DiLeo, for every write-down, there is always someone who says the company should have acted sooner. In this case, Plaintiffs only assert that the company should have reported the impairment three to six months before it actually did so. Furthermore, as noted by Defendants, even if Exelon had not recorded the $10 million gain and had recorded the $36 million charge, EPS would still have been in the projected target range for the first two quarters of 2001. (R. 20, Defs.' Reply at 18 n. 24.) Plaintiffs' GAAP violations allege relatively modest amounts of improperly recorded gains and losses when compared to the hundreds of millions of dollars the company was earning each quarter. In short, the allegations involving Corvis do not raise a strong inference of scienter, as required by the PSLRA.
Finally, Plaintiffs' allegations that Exelon failed to timely record impaired goodwill in the amount of $243 million also fail because they are not plead with particularity and do not give rise to a strong inference of scienter. Plaintiffs allege that the value of Enterprises was impaired as early as June 30, 2001 due to Enterprises' investment in the declining telecommunications industry, including Corvis, but that Exelon waited until March 31, 2002 to report the charge. The allegations, however, largely lack detail as to which businesses or assets were impaired and by how much and why the write down was necessary after the first half of 2001, all necessary elements of pleading fraud with particularity. Rather, the allegations strike the Court as ones of fraud by hindsight; Plaintiffs do not allege any specifics on the amount of write-downs that should have been taken in 2001, but point to the $243 million charge in the first quarter of 2002 and argue that it should have been taken sooner, without allegations to support this contention. Such generalized allegations cannot raise an inference of scienter. Cf. In re Revlon Secs. Litig., No. 99 Civ 10192, 2001 WL 293820, *1 (S.D.N.Y. Mar. 27, 2001) (denying in part motion to dismiss securities fraud action where plaintiffs plead particularized allegations that defendant falsified financial results through the recognition of "revenue" from false sales and the failure to timely write down excess and obsolete inventory and alleged that overstatements of net income were between 22% and 655%).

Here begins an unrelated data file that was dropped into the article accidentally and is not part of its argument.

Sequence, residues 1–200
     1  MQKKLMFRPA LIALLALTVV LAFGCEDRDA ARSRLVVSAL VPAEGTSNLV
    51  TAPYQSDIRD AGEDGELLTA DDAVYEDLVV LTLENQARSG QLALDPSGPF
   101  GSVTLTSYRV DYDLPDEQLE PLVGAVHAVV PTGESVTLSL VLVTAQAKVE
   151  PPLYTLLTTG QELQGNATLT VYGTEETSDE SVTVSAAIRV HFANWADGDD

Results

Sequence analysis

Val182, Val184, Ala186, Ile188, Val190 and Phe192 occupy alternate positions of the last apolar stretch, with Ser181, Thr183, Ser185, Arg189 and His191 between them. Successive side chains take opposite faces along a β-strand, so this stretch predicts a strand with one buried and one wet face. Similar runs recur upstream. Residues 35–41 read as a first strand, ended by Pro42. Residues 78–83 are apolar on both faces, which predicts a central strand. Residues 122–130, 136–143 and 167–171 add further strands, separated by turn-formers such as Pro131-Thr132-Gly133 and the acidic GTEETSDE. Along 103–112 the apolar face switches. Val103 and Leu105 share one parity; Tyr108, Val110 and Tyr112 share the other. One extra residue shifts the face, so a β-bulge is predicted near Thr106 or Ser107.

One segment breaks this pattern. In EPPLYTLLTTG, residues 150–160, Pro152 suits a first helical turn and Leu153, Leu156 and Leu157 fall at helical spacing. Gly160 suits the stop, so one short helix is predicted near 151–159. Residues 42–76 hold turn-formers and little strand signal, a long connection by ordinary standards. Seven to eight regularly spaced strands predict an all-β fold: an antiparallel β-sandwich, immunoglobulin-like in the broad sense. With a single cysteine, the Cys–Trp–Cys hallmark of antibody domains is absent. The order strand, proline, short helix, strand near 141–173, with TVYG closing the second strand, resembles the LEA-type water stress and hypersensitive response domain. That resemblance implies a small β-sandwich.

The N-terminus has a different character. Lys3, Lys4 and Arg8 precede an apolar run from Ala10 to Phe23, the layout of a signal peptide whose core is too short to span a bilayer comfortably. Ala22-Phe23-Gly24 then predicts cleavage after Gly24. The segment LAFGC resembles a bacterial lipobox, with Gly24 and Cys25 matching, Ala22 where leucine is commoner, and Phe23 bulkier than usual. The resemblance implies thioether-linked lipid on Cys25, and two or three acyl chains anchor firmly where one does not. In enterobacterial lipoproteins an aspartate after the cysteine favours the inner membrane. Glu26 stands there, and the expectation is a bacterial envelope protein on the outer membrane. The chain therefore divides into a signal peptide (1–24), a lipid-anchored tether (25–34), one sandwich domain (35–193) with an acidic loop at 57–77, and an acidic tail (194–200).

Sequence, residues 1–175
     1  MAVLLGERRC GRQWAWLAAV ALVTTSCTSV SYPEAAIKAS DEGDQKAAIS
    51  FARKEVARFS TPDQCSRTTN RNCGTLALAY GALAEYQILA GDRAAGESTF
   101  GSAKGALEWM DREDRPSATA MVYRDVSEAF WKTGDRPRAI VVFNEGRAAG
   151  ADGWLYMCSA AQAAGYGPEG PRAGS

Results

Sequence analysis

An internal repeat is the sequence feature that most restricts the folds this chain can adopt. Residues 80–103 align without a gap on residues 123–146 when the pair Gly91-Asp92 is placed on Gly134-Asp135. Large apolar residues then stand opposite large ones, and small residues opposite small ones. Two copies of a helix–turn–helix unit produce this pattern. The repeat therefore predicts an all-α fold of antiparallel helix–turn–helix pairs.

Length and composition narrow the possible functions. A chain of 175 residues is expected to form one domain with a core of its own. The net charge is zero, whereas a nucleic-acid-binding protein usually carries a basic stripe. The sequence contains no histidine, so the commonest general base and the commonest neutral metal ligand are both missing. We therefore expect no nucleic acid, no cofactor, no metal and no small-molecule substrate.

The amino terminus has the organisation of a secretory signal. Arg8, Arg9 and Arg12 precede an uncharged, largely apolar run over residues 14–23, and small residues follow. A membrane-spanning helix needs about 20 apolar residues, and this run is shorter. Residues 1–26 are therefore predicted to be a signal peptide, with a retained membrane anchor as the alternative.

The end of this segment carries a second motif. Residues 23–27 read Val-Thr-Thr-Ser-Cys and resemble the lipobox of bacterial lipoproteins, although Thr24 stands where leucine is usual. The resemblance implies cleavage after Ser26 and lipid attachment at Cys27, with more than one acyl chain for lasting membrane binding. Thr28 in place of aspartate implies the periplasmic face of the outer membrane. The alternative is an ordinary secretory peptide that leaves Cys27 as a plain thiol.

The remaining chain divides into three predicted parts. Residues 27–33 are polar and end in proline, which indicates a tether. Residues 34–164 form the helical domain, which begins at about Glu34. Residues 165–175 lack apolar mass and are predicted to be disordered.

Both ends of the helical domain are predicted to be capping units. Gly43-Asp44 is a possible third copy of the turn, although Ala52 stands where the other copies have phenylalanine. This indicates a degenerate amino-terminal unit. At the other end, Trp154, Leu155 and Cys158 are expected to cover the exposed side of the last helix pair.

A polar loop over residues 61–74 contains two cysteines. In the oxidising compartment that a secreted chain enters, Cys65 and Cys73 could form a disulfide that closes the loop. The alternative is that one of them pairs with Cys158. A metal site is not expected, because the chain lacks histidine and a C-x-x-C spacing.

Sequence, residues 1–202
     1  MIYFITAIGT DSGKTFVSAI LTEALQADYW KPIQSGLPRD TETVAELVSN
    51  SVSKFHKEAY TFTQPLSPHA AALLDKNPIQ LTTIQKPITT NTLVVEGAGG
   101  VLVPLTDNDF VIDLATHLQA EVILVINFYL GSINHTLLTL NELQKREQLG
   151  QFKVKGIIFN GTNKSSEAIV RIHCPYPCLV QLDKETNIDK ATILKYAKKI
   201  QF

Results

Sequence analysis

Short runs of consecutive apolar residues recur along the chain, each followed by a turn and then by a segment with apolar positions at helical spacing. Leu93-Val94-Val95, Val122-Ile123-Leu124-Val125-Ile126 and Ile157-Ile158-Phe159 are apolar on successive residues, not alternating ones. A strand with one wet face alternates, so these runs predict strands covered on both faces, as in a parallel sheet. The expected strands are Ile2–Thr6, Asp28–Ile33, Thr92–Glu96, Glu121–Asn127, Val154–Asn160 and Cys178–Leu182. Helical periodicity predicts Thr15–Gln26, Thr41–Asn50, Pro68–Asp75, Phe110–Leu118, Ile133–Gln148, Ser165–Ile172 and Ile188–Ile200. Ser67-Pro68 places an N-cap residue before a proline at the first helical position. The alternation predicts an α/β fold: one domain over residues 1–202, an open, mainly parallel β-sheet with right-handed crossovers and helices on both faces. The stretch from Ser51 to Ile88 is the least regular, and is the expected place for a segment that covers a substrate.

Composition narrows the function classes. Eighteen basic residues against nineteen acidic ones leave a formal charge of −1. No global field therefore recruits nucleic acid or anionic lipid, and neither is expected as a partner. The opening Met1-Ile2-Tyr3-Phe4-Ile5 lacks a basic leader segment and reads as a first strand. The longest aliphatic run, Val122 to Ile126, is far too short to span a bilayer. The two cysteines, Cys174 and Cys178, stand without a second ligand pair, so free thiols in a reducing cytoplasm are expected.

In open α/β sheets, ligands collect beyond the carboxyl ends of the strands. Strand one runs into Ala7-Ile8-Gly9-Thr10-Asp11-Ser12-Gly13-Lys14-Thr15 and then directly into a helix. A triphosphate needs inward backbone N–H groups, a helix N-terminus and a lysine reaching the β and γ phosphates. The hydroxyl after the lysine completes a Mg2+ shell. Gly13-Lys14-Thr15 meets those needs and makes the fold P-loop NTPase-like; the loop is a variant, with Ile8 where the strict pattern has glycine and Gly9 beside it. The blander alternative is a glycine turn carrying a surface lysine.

In short, Plaintiffs' GAAP allegations lack particularity and do not give rise to a strong inference of scienter. In addition, because Plaintiffs fail to plead a primary cause of action under § 10 and Rule 10b-5, Plaintiffs' § 20(a) claims against the individual Defendants as controlling persons also fail. See Geinko v. Padda, No. 00 C 5070, 2001 WL 1163728, at *9 (N.D.Ill. Sept. 28, 2001).
In this era of focused attention on issues of corporate fraud and responsibility, the Court has very carefully reviewed Plaintiffs' complaint. Nonetheless, the complaint fails on various grounds. Defendants' earnings projections were accompanied by sufficient cautionary language such that the statements fall under the first prong of the PSLRA's safe harbor. In addition, Plaintiffs fail to plead facts that give rise to a strong inference of scienter as required by the PSLRA-actual knowledge with respect to the forwardlooking statements and recklessness with respect to the remaining statements. The Court recognizes that leave to amend should be granted freely, but in this case, any amendment to the instant complaint would be futile. The extensive cautionary language bars any claims based on the projections, and the GAAP violations are essentially timing issues, which the Seventh Circuit suggests cannot constitute fraud. DiLeo, 901 F.2d at 626. As such, the Court grants Defendants' motion to dismiss with prejudice. (R. 17-1.) The Clerk of the Court is instructed to enter a final judgment, pursuant to Federal Rule of Civil Procedure 58, in favor of Defendants.